Boiler slag

Figure 1. Boiler slag.[1]

Boiler slag is a coarse, granular, incombustible by-product of coal combustion and is thus classified as a coal combustion byproduct. It is angular, dense, and very hard. Boiler slag is only produced in a wet-bottom boiler, as this boiler has a special design that keeps bottom ash in a molten state until it is removed. Essentially, boiler slag is what bottom ash turns into in very specialized boilers.[2] Boiler slag particles are generally between 0.5 and 5.0 mm in size and have a smooth surface. However, if gases are trapped in the slag as it is cooled it can have a somewhat porous texture. Boiler slag that comes from burning lignite or sub-bituminous coal is also more porous than harder anthracite coals.[3]

In wet-bottom boilers, bottom ash is kept in a molten state until it is actively removed. When this ash is taken from the boiler, it flows into quenching water that cools it rapidly. This quick cooling of the molten bottom ash causes it to crystallize immediately into a black, dense, glassy mass that fractures into sharp, angular particles.[2] These particles are known as boiler slag, and can be crushed into different sizes for a variety of uses.

Side Effects

Coal ash (which includes boiler slag) can have a different chemical makeup depending on where the coal was mined.[4] Broadly speaking, coal ash is a pollutant and it contains acidic, toxic, and radioactive matter. This ash can contain lead, arsenic, mercury, cadmium, and uranium.[4] The EPA found that significant exposure to components of coal ash increases a person's risk of developing cancer and other respiratory diseases.

Inhalation is not as much of an issue with boiler slag as it is much heavier than fly ash, but ingestion of boiler slag can have nervous system impacts, resulting in cognitive defects, developmental delays, and behavioral problems. In addition, it can increase a person's chance of developing lung disease, kidney disease, and gastrointestinal illness.[4]

Fly ash, boiler slag, and bottom ash are disposed in lagoons (wet storage)[5] or landfills (dry storage). Lagoons can impact the environment negatively if they do not have proper liners to prevent leaking and leaching—which leads to groundwater contamination. If ingested, the arsenic contaminated water increases a persons risk of developing cancer.

Leaching is a process that occurs when coal ash is wet, and it simply means that the toxic components of the ash dissolve out and percolate through water. This groundwater contamination can be harmful to human heath if the groundwater is a source of drinking water.[4]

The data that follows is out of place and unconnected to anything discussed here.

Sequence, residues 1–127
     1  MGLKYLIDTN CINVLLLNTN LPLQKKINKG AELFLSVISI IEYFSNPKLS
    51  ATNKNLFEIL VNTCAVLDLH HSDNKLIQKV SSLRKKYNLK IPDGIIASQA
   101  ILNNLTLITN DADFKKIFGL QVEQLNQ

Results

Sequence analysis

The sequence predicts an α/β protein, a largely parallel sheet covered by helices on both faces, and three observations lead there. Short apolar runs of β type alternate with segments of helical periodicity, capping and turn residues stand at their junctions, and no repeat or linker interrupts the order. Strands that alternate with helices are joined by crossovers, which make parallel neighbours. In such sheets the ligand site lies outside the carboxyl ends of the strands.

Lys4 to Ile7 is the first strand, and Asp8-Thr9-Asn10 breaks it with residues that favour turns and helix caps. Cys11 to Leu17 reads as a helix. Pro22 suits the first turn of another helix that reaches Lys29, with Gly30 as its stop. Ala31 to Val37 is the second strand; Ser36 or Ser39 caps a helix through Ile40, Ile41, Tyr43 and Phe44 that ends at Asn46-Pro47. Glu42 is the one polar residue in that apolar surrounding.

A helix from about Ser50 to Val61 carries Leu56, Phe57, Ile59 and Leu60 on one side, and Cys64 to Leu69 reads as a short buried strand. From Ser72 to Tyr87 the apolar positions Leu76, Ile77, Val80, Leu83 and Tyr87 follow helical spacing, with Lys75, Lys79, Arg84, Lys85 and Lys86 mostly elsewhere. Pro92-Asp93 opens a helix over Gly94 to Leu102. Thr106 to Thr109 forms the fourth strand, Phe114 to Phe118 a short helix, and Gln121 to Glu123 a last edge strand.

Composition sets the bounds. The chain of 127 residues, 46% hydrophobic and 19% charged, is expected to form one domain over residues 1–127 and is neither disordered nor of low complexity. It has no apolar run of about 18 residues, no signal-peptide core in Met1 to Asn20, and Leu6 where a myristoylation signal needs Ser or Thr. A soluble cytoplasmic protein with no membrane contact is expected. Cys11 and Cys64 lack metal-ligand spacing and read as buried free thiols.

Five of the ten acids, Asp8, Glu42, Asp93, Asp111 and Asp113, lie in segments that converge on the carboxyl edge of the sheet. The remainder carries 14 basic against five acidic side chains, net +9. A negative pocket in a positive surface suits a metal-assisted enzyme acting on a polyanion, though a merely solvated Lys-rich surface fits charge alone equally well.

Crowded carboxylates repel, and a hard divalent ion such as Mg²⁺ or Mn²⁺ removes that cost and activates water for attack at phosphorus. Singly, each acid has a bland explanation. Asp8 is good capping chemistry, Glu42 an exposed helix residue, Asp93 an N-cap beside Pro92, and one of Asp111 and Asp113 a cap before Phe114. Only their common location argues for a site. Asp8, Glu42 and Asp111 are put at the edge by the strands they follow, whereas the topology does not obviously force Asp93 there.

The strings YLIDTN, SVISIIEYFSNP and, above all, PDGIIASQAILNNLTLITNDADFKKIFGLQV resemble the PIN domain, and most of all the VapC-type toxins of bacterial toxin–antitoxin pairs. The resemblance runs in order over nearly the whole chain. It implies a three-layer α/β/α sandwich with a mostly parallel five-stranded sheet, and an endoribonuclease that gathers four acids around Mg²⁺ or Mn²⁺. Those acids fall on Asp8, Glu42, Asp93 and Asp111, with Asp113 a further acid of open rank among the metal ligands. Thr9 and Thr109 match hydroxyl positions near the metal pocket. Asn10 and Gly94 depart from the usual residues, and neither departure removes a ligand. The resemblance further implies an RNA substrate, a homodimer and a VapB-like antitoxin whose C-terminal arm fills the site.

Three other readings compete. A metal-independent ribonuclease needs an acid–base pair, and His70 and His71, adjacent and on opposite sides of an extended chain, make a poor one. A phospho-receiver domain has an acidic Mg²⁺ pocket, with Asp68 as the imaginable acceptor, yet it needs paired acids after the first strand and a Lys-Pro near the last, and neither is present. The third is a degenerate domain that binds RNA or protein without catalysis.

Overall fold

Disposal and Recycling

The coarse, dense nature of boiler slag makes it beneficial for use as a wear-resistant component in surface coatings of roads. Smaller-sized boiler slag can be used as a blasting grit, and can be used for coating roofing shingles.[2] Aside from these major uses, boiler slag can be re-purposed into a raw material for cement or can be spread onto icy roads to prevent slipping.

Since boiler slag is widely used but not widely produced, almost all of the boiler slag produced is re-purposed. In the United States in 2007, 1.5 million metric tons of boiler slag were re-used, about 80% of what was produced overall.[6]

Boiler slag that is not to be recycled is discarded in landfills or lagoons. If the boiler slag goes to a storage lagoon, it is generally mixed with fly ash and referred to collectively as ponded ash. About 30% of all coal ash is disposed of when wet as ponded ash.[3] This ash is potentially usable even after it is put in a storage lagoon. Because fly ash and boiler slag have different weights, the heavier boiler slag (or bottom ash, which is disposed of in essentially the same way) settles first and the fly ash remains suspended. This ponded ash can be reclaimed if the boiler slag is scraped up and dewatered.[2] The more boiler slag that is in ponded ash, the easier it is to dewater (increasing the potential for reuse). This reclaimed ash can be used in embankment construction or as a filler.

For further reading


  1. American Coal Ash Association. (September 19, 2015). Boiler Slag [Online]. Available:
  2. 2.0 2.1 2.2 2.3 University of Kentucky. (September 17, 2015). Boiler Slag [Online]. Available:
  3. 3.0 3.1 Federal Highway Administration Research and Technology. (September 17, 2015). Coal Bottom Ash/Boiler Slag [Online]. Available:
  4. 4.0 4.1 4.2 4.3 PSR. (July 17, 2015). Coal Ash: Hazardous to Human Health [Online]. Available:
  5. J. Speight, Coal-fired power generation handbook. Beverly, Mass.: Scrivener Pub., 2013
  6. EPRI. (September 26, 2015). Coal Ash: Characteristics, Management, and Environmental Issues [Online]. Available:

Authors and Editors

Bethel Afework, Jordan Hanania, Kailyn Stenhouse, Jason Donev
Last updated: January 4, 2019
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